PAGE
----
Quantum redactiones paginae "Disputatio:Conversio industrialis" differant

Summarium vacuum
::::Of course, one should include in the article that some religious people consider it a revolution. That they do heightens the specific Latin meaning of the term, as a rolling back, rather than diminishes it.--[[Usor:Rafaelgarcia|Rafaelgarcia]] 20:17, 15 Augusti 2009 (UTC)
:::::'all'? I see [http://books.google.com/books?id=O-y0zmwLcXsC&q=%22revolutio+industrialis%22&dq=%22revolutio+industrialis%22&ei=6kOHSpqPJ6GozQTVioTgDQ one] of them does; the [http://books.google.com/books?id=WtsrAAAAIAAJ&q=%22revolutio+industrialis%22&dq=%22revolutio+industrialis%22&ei=6kOHSpqPJ6GozQTVioTgDQ one I quoted] doesn't seem to show enough context to tell, though what's there is pretty neutral; and of course the linked sample doesn't really have anything else. Switching to the web, Ephemeris uses it [http://ephemeris.alcuinus.net/libri.php?id=339 in an article] from this past year, some German Latinist uses it in a couple places such as [http://vonhelmrich.de/electriraeda.htm this 2005 piece] ... The original sense of ''revolutio'', as far as I can tell is just a ''return'', really - motion back towards a point, not necessarily retrograde motion or reversion from some ideal as you interpret the one locus to read; 'revolutio animarum' for example was just reincarnation whether "hominum in bestias, vel in homines bestiarum". If a negative sense is felt, I expect it's mostly due to context. Now, I'm not saying 'revolutio' is the best word here, or even that it's a terribly good one; just that 'revolutio industrialis' is the only name I've seen for it so far, apt or not, and [[VP:TNP]] repeats several times "if a Latin name exists, use it." Of course, if someone can turn up a source calling it the ''res novae industriales'' or something, then by all means let's go for a change. But until then, the general rule of "don't make stuff up" applies — there's no good in sitting the page at a title that a tiro would neither think to search for [because too dissimilar from familiar terms] nor be educated by [because entirely fictitious]. —[[Usor:Mycēs|Mucius Tever]] 00:58, 16 Augusti 2009 (UTC)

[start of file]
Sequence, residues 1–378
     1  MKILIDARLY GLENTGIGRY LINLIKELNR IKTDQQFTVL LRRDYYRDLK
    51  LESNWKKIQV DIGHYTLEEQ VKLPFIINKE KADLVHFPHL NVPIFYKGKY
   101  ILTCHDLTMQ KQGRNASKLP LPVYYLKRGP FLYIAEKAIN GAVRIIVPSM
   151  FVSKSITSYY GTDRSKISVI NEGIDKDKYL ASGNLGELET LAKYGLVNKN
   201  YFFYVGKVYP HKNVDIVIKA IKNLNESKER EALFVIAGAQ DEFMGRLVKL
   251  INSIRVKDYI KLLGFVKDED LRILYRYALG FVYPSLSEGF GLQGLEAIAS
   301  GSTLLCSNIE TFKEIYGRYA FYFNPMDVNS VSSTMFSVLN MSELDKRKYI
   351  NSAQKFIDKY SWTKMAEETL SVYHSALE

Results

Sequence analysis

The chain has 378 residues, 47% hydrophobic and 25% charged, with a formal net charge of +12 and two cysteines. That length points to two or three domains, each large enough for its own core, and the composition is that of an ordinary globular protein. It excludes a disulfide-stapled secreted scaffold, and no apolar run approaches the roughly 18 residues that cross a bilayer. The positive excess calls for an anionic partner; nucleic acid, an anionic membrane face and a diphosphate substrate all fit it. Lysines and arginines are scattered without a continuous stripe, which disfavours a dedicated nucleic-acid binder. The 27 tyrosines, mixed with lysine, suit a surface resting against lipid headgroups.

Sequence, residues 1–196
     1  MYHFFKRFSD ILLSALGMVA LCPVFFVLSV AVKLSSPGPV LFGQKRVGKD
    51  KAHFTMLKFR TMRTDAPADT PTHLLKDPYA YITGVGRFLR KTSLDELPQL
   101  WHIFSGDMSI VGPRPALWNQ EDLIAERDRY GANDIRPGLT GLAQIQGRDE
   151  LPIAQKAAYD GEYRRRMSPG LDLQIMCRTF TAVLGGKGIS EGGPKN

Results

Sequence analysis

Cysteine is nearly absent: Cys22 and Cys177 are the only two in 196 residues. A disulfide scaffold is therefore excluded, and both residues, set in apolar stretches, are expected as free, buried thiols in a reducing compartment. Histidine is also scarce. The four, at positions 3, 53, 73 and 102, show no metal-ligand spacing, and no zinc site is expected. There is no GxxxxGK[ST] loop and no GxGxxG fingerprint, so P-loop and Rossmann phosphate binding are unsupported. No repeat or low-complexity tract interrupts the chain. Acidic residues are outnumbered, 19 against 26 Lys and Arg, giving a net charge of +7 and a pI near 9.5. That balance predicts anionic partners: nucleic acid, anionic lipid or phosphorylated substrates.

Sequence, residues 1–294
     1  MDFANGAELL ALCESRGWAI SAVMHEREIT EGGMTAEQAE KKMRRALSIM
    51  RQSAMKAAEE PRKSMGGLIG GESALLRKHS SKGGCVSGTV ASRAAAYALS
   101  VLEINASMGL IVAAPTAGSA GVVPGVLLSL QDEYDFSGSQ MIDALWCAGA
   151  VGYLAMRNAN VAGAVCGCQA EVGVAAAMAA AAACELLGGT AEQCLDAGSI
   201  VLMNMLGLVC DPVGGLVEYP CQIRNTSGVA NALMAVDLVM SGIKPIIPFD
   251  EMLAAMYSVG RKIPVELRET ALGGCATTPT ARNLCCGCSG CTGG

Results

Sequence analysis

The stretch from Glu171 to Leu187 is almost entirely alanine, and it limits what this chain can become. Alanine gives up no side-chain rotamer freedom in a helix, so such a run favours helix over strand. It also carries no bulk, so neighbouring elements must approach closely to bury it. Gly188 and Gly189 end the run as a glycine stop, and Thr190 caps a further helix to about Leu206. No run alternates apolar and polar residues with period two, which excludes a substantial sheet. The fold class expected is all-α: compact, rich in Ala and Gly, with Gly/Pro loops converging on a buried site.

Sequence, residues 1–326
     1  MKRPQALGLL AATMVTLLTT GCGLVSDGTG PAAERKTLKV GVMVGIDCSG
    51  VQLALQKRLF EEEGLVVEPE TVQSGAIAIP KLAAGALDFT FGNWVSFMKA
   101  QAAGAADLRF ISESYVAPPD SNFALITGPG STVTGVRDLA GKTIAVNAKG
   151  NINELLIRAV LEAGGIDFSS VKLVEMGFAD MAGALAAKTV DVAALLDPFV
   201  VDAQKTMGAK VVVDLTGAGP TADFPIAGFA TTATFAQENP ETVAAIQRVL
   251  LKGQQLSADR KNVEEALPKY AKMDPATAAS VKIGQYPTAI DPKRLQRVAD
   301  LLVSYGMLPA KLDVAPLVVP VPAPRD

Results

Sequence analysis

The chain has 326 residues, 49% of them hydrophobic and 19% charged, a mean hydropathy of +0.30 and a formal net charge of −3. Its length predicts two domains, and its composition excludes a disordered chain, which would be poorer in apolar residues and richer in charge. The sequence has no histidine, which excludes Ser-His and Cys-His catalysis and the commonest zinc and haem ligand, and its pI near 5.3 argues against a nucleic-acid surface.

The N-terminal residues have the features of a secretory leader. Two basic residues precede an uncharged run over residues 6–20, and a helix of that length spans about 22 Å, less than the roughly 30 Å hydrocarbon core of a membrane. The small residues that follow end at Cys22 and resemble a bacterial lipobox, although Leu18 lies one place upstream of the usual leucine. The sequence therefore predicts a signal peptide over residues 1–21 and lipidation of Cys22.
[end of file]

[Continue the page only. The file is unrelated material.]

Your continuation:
:::They are all CATHOLIC sources, that's context enough. Did you read the treatease below on what their definition is of revolution?? The original sense you mention is in physics, the original sense in politics is a turning back against religious order, or as Guglielmo Audisio says "separationem Ecclesiae a Statu, quasi nihil esset aut vulgare quiddam Eccelsea in civitate" and "Deificatio rationis-deificatio carnis" and "Est revolutio peccatum capitale in re civili et politica." (sorry yes according to Catholic George Washington is in hell unless he repented for his mortal sin of revolution) and "Revolutio est constitutio publici status ex hominis voluntate, exluso iure divino; doctrina est, omnem auctoritatem non ex Deo, sed ex homine, vel ex populo '''repetens'''..".--[[Usor:Rafaelgarcia|Rafaelgarcia]] 01:38, 16 Augusti 2009 (UTC)
::::Moreover, no one is inventing anything or making anything up, I was just translating revolution, using one of several universally accepted neutral non point-of-view term for it. The industrial revolution is not '''returning''' to any conceivable point, except from an extreme religious point of view. --[[Usor:Rafaelgarcia|Rafaelgarcia]] 01:45, 16 Augusti 2009 (UTC)
:::::Of course, the revolutionaries in France did indeed publicly and actively favor turning back to the pagan past, with crazy 10 week calendars with no sundays to keep people from knowing when to worship the sabbath. The Catholics were right to call it a revolution. Also the October revolution is also a revolution in the latin sense. The American revolution wasn't and many others, except from a certain point of view.--[[Usor:Rafaelgarcia|Rafaelgarcia]] 01:51, 16 Augusti 2009 (UTC)
::When languages borrow terms from other languages they often take a secondary meaning as the primary meaning of the borrowing, so technically it is not wrong in spanish english etc. But in this case the term comes from Latin..
::If a conversio or rerum commutatio is a genuine revolutio, by all means it should be called that; but the only revolutio conceivable in this instance is one in which we return to a preindustrial economy.--[[Usor:Rafaelgarcia|Rafaelgarcia]] 16:41, 15 Augusti 2009 (UTC)
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